But he quickly added, "that's not an attempt to excuse anything -- it's more a sad statement on the state of security across the breadth of sites."
And obviously most sites are not nearly as attractive to cyber attackers as one with connections to other government agencies -- like the Internal Revenue Service (IRS) -- with information on every citizen in the country.
Kennedy, who testified before the House Science and Technology Committee in January that serious security flaws remain on the site, said the statement from HHS is, "the default response they've sent all media requests."
But he said it is apparent when any website goes live, "whether or not security was integrated or even a thought in the development process." And he said the reality of Healthcare.gov is that, "unfortunately, when the site was released it had a number of flaws on the site and didn't have much when it came to security. We had documented a number of them and also contacted HHS to let them know of the exposures."
Other security experts agree that security was not a priority in the development of the site. "The evidence provided so far would indicate that the project was rushed to completion to meet a deadline after what I suspect could only be ineffective development," Wellstar's Fisher said.
Other experts who submitted written testimony to the January congressional hearing included Kevin Mitnick, known once as "the world's most wanted hacker," who is now CEO of Mitnick Security Consulting. "It's clear that the management team did not consider security as a priority," he wrote, noting that the danger of a breach involves much more than the site itself, since it retrieves information from other government agencies including the IRS, Social Security Administration, Department of Homeland Security, and various state agencies.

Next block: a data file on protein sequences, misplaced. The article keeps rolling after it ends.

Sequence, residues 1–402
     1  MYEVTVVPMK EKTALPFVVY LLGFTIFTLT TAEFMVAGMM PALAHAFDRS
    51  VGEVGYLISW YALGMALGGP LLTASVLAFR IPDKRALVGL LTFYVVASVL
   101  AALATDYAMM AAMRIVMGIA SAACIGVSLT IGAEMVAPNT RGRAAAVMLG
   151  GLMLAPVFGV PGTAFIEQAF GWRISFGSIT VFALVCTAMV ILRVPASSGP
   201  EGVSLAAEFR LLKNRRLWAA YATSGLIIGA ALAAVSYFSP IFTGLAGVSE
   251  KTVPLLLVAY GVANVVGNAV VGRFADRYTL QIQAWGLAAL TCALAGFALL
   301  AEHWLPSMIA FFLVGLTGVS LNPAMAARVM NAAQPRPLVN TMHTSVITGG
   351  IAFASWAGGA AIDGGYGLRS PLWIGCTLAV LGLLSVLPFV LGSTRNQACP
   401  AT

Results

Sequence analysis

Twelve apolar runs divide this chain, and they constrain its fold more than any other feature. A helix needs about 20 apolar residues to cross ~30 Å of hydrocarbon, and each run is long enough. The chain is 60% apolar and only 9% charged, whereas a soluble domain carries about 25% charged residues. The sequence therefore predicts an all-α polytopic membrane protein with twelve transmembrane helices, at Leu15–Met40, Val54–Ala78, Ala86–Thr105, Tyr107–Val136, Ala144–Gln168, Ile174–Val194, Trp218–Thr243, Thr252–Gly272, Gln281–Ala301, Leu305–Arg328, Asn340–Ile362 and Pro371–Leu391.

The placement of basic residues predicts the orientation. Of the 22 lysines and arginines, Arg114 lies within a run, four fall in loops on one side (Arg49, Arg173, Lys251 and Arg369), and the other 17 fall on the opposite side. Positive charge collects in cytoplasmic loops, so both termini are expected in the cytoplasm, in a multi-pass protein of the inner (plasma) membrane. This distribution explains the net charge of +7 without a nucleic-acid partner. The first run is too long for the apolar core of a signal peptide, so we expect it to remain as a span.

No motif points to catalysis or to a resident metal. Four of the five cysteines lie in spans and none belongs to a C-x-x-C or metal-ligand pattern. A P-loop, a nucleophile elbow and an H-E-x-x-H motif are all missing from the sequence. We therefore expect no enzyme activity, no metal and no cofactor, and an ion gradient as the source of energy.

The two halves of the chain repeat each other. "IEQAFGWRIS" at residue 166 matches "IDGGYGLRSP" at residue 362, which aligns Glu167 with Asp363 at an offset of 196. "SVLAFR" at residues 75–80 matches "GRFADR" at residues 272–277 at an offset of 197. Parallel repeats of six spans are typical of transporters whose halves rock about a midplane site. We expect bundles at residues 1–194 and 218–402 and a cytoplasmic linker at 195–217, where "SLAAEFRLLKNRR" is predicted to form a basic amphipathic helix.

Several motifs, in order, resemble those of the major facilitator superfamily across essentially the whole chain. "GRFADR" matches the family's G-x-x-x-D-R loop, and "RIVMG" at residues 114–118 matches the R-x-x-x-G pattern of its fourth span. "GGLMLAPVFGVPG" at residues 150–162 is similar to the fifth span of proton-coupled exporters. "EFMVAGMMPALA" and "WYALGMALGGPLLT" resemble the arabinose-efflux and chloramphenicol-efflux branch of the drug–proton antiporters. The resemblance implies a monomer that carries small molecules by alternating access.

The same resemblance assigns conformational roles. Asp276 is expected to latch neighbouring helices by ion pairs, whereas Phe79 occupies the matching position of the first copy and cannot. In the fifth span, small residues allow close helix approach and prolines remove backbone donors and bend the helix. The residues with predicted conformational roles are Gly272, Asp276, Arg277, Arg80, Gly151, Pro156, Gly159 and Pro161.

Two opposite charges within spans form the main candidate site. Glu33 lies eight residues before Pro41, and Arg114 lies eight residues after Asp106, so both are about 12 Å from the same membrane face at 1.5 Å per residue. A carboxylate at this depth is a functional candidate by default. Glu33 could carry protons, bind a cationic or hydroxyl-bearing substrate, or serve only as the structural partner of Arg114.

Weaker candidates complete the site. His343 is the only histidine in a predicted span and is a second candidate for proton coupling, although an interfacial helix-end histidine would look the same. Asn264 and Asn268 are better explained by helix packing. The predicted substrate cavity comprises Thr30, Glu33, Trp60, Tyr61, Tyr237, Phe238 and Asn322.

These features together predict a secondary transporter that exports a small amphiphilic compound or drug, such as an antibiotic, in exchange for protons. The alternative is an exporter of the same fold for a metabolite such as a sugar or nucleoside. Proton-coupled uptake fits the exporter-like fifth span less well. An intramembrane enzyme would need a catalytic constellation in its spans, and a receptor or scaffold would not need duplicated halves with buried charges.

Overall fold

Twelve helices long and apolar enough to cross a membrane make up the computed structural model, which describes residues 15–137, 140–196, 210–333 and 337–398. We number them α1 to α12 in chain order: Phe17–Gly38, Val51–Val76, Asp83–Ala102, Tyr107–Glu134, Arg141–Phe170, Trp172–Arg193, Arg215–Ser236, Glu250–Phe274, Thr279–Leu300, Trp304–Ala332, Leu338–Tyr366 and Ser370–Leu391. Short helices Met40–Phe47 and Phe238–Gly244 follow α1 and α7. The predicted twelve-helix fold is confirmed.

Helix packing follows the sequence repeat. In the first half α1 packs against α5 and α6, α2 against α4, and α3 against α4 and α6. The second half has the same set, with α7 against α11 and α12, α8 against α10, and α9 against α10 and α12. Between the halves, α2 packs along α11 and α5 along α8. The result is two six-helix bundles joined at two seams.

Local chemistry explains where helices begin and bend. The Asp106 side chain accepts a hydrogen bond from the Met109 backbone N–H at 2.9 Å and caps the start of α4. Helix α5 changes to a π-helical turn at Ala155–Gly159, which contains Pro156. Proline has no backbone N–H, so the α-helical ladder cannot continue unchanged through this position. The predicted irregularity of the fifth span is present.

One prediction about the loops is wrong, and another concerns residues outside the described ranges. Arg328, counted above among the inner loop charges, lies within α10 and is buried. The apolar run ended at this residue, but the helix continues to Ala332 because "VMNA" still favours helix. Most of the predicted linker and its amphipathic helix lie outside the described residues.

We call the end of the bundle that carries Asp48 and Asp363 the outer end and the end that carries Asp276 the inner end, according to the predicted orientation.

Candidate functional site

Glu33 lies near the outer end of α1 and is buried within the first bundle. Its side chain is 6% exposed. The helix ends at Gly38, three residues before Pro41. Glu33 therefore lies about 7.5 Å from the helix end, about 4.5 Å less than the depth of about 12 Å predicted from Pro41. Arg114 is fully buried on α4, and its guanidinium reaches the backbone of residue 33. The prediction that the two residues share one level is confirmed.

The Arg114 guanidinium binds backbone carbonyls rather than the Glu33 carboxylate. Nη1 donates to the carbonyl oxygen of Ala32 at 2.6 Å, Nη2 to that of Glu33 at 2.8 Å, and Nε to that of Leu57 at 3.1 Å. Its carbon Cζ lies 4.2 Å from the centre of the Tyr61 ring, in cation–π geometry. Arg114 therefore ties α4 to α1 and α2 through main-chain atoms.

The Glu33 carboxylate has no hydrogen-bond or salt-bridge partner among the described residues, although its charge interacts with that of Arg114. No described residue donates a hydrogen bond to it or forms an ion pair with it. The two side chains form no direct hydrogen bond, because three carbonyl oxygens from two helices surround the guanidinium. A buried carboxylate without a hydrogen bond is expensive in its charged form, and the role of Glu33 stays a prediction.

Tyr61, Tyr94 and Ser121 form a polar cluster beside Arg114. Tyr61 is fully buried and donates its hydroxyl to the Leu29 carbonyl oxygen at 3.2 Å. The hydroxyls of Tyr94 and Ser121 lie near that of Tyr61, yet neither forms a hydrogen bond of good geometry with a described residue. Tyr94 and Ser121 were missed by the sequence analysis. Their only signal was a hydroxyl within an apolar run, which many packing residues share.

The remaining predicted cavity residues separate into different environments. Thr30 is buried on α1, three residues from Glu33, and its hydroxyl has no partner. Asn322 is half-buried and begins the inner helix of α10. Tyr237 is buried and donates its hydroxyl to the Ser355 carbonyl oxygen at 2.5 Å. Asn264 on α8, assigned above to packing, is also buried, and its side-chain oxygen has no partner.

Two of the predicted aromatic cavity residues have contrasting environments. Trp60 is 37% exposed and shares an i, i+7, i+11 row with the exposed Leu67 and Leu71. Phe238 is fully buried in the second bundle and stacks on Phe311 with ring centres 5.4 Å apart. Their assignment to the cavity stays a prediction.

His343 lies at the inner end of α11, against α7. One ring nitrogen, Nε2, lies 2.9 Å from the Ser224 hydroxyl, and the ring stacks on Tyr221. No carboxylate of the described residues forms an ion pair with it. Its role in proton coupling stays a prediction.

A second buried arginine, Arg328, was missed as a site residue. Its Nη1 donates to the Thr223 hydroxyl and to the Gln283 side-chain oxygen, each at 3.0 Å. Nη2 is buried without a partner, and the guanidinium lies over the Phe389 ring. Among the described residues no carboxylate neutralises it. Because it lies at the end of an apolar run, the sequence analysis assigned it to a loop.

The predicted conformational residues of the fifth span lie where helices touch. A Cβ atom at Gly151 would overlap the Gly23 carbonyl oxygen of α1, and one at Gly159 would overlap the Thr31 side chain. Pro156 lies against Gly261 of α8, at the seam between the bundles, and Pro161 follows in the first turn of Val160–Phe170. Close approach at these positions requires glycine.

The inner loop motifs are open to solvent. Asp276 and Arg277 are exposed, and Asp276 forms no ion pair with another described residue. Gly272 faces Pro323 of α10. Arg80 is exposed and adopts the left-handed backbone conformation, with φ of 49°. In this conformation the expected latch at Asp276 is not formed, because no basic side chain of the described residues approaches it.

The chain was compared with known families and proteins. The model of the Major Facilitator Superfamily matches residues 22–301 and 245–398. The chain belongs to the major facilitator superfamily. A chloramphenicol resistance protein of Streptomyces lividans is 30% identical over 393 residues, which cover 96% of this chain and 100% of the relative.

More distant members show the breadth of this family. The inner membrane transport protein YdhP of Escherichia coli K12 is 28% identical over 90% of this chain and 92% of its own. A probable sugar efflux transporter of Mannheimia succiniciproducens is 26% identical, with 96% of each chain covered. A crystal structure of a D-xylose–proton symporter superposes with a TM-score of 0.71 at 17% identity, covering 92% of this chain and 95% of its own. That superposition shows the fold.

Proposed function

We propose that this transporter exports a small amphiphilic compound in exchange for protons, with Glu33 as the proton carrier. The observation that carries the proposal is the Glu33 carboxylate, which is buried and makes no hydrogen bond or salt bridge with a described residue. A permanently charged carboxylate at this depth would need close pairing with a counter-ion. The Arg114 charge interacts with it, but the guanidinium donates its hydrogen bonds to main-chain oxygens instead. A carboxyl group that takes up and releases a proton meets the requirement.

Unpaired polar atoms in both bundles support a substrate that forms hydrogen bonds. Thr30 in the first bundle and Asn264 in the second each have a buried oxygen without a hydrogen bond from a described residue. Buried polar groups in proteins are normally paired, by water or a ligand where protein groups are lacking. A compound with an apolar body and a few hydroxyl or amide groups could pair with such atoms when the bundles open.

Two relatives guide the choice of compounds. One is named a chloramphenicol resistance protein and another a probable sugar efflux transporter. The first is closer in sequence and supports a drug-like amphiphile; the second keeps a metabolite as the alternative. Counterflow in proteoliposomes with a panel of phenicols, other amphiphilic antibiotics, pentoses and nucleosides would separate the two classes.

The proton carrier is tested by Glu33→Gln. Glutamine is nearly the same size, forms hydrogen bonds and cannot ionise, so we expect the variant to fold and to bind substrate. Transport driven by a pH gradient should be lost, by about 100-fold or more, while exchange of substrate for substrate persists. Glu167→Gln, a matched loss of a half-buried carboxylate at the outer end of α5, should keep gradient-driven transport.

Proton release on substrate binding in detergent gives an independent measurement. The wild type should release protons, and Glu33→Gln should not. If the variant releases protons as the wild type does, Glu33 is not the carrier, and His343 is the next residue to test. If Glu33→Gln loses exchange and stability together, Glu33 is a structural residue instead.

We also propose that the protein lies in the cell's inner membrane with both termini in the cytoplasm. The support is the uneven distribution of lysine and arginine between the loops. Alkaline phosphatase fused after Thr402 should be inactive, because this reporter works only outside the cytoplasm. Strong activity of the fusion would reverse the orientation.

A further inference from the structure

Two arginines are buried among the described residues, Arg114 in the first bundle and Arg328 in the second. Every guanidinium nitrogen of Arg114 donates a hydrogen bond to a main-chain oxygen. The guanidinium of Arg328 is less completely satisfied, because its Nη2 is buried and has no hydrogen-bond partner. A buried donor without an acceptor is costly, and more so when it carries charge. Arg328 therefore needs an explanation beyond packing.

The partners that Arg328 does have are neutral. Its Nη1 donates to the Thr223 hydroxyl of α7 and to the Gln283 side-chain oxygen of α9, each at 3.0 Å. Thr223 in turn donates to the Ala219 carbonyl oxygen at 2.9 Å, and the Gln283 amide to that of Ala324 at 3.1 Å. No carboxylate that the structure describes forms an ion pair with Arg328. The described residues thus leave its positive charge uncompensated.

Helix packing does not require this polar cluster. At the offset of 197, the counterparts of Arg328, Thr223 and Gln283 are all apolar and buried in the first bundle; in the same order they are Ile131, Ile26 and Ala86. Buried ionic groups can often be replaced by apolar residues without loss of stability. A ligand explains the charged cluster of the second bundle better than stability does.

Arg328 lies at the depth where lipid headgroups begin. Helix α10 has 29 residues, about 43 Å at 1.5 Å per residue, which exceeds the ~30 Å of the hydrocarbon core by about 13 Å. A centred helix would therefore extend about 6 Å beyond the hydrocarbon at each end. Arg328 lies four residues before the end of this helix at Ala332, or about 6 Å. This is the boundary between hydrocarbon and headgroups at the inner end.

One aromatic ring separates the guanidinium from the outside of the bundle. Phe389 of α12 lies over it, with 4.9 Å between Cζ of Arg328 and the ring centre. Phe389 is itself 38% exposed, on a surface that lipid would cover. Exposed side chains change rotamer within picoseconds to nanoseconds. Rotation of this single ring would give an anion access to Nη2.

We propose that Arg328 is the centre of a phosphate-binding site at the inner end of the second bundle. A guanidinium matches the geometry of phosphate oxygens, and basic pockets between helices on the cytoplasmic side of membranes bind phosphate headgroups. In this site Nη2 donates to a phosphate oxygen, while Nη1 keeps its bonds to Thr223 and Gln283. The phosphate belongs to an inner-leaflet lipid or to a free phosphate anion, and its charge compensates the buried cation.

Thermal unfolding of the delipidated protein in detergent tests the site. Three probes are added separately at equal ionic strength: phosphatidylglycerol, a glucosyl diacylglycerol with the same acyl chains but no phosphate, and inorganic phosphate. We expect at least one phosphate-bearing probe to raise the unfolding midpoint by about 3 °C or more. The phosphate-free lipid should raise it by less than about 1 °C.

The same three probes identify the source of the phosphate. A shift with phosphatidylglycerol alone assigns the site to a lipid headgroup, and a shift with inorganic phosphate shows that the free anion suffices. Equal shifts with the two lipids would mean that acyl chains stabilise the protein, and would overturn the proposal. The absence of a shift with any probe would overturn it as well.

"It would be a hacker's wet dream to break into Healthcare.gov and potentially gain access to the information stored in these databases," he wrote, calling the lack of security "shameful."
Kevin Johnson, CEO of Secure Ideas, also submitted testimony that the site displays, "not only a basic lack of security testing...[but also] has been written by developers who have not been introduced to basic security training, nor understand the importance of security within an application."
Still, if the site is that vulnerable, with such a trove of valuable personal information that covers every citizen of the country, why hasn't there been a successful attack so far?
Kennedy and others say a successful attack may indeed have occurred, and that HHS either doesn't know or simply is not telling. "The federal government has no legal liability to disclose if a breach has occurred," he said, adding that after the site launched, there was testimony before Congress from contractors that showed, the agency, "didn't have the ability to detect if the site had been compromised or not."